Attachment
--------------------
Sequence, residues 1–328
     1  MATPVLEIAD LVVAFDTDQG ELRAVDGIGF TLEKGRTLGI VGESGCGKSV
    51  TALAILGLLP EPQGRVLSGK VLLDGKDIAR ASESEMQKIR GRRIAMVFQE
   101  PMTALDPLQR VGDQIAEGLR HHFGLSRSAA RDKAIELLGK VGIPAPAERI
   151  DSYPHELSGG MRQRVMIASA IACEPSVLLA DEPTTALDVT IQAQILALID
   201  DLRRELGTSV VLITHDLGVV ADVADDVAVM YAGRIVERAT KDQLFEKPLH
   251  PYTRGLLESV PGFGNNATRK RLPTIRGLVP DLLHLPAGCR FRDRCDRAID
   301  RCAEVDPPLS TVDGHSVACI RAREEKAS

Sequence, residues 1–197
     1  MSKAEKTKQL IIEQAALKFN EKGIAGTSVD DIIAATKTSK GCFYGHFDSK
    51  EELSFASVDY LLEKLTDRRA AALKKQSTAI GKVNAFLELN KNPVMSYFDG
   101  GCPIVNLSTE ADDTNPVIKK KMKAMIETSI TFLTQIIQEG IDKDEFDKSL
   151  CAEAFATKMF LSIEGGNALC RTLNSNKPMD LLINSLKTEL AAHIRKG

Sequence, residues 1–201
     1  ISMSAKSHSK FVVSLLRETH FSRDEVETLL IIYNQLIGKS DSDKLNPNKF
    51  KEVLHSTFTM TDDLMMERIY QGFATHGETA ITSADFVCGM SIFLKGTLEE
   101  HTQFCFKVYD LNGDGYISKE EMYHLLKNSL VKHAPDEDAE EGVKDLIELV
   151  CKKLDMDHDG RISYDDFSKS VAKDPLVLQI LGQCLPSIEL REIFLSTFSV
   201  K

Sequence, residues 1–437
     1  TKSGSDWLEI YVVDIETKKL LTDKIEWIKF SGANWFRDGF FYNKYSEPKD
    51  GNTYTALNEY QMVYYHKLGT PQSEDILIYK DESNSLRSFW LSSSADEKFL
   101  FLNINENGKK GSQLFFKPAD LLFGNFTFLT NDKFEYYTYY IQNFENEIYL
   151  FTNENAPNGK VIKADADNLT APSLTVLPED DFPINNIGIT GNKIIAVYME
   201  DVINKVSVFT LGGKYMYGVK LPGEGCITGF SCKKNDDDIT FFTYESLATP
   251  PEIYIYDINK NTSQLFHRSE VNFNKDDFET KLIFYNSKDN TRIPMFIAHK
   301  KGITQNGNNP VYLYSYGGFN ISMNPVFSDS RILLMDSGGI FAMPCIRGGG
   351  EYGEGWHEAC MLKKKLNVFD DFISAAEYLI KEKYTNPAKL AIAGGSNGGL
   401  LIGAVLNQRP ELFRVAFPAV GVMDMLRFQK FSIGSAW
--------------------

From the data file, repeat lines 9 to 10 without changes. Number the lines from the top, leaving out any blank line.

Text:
Sequence, residues 1–197
     1  MSKAEKTKQL IIEQAALKFN EKGIAGTSVD DIIAATKTSK GCFYGHFDSK